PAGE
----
Varicose Veins: Treatments for an Unwelcome Sight

September 3, 2012 Editorial Staff
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Varciose veins are the swollen, twisted, and sometimes painful blood vessels filled with an abnormal collection of blood that can develop anywhere in the body, but are commonly found in the legs. Roughly half of people over age 50 have varicose veins, and they are three times more likely to occur in women than in men.

Although often harmless, varicose veins can also indicate more serious conditions, such as deep vein thrombosis (DVT), which is a blood clot in a deep vein. Risk factors for varicose veins include age, gender, heredity, hormonal factors (e.g. pregnancy and menopause), obesity, and traumatic injuries to the extremities.

“Normal veins allow blood to circulate from all parts of the body toward the heart,” explained Marcus D’Ayala, M.D., chief of vascular surgery at New York Methodist Hospital (NYM). “However, malfunctioning valves in varicose veins hinder this process, so treating the condition can make a crucial difference in the lives of patients, and not simply because of physical appearance.

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According to D’Ayala, varicose veins are the most common early sign of vein disease and can worsen over time without proper treatment, which is why NYM’s Institute for Vascular Medicine and Surgery has both surgical and non-surgical treatment options to help patients improve the cosmetic appearance and avoid the risks posed by varicose veins.

The Vascular Laboratory at NYM offers patients high quality, painless diagnostic studies that provide referring physicians with information to assist in the management of vascular disease. Non-invasive diagnostic techniques include computed tomography (CT), magnetic resonance imaging (MRI) and angiography. Treatment can also, in many cases, be non-surgical; options include wearing compression stockings to increase circulation, undergoing sclerotherapy (injecting medicine directly into the veins to shrink them), elevating the legs when sitting, and exercise.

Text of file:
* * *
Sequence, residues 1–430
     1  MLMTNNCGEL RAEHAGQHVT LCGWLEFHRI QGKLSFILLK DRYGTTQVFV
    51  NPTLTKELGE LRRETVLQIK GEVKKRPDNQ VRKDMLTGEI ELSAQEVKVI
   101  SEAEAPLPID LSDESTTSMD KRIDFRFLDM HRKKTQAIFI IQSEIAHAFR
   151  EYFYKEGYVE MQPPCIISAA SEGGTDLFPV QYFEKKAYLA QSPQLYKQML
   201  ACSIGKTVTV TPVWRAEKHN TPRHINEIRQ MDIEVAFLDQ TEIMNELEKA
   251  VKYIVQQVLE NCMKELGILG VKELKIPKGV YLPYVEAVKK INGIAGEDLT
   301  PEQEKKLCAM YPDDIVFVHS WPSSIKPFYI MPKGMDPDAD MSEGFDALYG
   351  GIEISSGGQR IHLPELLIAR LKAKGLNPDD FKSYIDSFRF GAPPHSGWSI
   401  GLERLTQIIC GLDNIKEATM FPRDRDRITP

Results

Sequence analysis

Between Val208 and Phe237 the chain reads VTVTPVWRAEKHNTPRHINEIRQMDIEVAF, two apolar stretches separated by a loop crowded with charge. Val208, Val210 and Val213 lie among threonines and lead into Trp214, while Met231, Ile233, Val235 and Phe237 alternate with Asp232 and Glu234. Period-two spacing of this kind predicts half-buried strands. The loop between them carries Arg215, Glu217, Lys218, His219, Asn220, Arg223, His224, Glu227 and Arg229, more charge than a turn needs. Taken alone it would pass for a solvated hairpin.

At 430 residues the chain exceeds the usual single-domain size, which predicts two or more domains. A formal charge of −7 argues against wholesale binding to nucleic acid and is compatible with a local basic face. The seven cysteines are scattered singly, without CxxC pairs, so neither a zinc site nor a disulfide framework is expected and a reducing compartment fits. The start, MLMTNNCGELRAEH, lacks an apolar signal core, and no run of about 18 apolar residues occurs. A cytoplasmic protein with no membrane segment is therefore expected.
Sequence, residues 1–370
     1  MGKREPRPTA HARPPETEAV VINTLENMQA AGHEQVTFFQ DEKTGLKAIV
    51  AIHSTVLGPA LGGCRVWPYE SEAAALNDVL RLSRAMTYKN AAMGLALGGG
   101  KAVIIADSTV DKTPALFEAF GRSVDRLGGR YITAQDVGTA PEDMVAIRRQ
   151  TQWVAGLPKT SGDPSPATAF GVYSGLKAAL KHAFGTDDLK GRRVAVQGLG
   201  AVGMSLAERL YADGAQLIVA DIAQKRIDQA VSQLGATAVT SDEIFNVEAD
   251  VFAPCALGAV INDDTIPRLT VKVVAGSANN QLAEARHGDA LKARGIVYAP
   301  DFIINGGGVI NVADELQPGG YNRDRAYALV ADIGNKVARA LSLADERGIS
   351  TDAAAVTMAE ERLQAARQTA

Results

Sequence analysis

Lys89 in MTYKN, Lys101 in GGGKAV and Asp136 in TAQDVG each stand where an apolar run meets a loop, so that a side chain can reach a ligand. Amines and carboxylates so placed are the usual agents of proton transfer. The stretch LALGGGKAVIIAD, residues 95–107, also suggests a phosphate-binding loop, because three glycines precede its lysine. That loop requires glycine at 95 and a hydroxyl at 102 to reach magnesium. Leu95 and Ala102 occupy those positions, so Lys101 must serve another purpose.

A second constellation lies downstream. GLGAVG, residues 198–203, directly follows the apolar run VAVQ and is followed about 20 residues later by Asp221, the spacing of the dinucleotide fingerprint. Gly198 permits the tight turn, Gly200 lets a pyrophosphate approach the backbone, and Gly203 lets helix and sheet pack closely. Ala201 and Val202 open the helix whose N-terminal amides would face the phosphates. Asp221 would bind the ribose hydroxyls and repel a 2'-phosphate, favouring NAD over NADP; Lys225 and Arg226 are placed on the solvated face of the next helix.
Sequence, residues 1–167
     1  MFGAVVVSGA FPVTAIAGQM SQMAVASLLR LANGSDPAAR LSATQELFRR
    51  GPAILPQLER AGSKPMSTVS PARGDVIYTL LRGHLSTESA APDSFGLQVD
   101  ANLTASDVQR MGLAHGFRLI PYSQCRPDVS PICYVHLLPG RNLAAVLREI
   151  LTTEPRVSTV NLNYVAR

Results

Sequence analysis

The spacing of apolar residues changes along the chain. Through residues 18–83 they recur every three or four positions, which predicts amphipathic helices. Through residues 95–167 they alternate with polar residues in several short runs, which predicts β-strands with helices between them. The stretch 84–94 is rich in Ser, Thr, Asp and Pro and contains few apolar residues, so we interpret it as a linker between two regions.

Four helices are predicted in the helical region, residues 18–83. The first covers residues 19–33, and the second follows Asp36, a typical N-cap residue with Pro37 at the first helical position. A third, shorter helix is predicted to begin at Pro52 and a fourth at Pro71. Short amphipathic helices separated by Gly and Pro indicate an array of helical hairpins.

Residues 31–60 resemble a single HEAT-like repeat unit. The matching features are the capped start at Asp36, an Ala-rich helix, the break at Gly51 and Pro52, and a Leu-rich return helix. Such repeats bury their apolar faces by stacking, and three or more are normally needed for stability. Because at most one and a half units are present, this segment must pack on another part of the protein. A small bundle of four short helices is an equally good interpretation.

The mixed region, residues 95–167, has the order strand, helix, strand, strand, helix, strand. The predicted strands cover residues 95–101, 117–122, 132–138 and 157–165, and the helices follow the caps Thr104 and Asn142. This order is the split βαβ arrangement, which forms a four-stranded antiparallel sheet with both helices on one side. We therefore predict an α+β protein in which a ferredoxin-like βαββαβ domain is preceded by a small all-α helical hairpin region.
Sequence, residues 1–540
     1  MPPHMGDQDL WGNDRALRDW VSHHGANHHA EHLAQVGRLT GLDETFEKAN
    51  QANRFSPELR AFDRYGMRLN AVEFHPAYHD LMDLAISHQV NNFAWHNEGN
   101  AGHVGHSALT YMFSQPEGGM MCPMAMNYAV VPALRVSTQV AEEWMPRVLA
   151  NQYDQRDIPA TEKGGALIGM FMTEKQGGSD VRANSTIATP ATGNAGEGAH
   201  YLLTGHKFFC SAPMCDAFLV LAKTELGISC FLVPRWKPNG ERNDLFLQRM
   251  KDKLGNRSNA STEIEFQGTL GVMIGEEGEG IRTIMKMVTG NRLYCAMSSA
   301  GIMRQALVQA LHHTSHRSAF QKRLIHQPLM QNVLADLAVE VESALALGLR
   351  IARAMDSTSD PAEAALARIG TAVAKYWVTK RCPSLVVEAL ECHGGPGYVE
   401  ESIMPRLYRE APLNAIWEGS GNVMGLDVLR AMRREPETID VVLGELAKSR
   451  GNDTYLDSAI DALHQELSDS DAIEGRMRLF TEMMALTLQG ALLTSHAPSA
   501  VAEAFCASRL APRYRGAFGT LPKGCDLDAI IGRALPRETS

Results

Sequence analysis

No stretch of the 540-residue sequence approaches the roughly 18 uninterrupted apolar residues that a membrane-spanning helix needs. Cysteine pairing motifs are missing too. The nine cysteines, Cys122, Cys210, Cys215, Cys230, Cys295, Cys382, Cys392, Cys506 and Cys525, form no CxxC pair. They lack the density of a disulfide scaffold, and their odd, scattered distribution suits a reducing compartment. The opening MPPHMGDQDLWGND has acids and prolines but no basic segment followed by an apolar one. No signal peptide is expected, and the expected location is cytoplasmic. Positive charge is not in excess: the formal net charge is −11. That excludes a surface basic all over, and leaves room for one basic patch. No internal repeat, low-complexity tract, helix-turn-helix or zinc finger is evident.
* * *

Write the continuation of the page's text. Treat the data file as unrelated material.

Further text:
In more advanced cases of vascular disease, surgical intervention may be necessary to avoid stroke or limb loss and to relieve the effects of blocked blood vessels. “When non-surgical techniques are not an option, varicose veins are still highly treatable,” said Elie Semaan, M.D., attending physician in NYM’s Department of Vascular Surgery. “There are many approaches that we can use to improve blood flow.”

Traditionally, surgical treatment for varicose veins has been vein stripping – removing the affected blood vessels. Newer, less invasive treatments seal the main leaking vein and redirect blood flow are now available. These options include radiofrequency ablation (RFA – using radio waves to close the vein), and endovenus laser treatment (ELT – using laser light to eliminate the vein). Both of these procedures can be performed while the patient is awake, and rarely require an overnight hospital stay.

For a referral to an appropriate specialist affiliated with NYM’s Institute for Vascular Surgery and Medicine, or to schedule an appointment for a diagnostic procedure, please call 866-438-VEIN (866-438-8346).

 


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